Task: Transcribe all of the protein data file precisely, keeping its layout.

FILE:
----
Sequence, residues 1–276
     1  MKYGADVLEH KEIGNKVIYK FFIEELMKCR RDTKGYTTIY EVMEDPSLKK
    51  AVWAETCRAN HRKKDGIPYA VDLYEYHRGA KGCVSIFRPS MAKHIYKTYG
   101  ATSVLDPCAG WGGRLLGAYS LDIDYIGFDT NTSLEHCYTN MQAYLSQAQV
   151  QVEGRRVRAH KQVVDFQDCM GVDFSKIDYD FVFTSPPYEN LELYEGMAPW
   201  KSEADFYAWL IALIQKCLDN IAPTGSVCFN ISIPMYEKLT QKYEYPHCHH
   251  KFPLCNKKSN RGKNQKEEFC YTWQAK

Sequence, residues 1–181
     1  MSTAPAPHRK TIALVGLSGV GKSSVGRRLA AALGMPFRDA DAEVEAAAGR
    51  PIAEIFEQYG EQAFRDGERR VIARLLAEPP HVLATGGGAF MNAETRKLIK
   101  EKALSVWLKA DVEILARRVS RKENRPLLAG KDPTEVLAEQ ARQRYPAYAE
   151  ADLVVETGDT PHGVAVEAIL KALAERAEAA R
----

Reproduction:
Sequence, residues 1–276
     1  MKYGADVLEH KEIGNKVIYK FFIEELMKCR RDTKGYTTIY EVMEDPSLKK
    51  AVWAETCRAN HRKKDGIPYA VDLYEYHRGA KGCVSIFRPS MAKHIYKTYG
   101  ATSVLDPCAG WGGRLLGAYS LDIDYIGFDT NTSLEHCYTN MQAYLSQAQV
   151  QVEGRRVRAH KQVVDFQDCM GVDFSKIDYD FVFTSPPYEN LELYEGMAPW
   201  KSEADFYAWL IALIQKCLDN IAPTGSVCFN ISIPMYEKLT QKYEYPHCHH
   251  KFPLCNKKSN RGKNQKEEFC YTWQAK

Sequence, residues 1–181
     1  MSTAPAPHRK TIALVGLSGV GKSSVGRRLA AALGMPFRDA DAEVEAAAGR
    51  PIAEIFEQYG EQAFRDGERR VIARLLAEPP HVLATGGGAF MNAETRKLIK
   101  EKALSVWLKA DVEILARRVS RKENRPLLAG KDPTEVLAEQ ARQRYPAYAE
   151  ADLVVETGDT PHGVAVEAIL KALAERAEAA R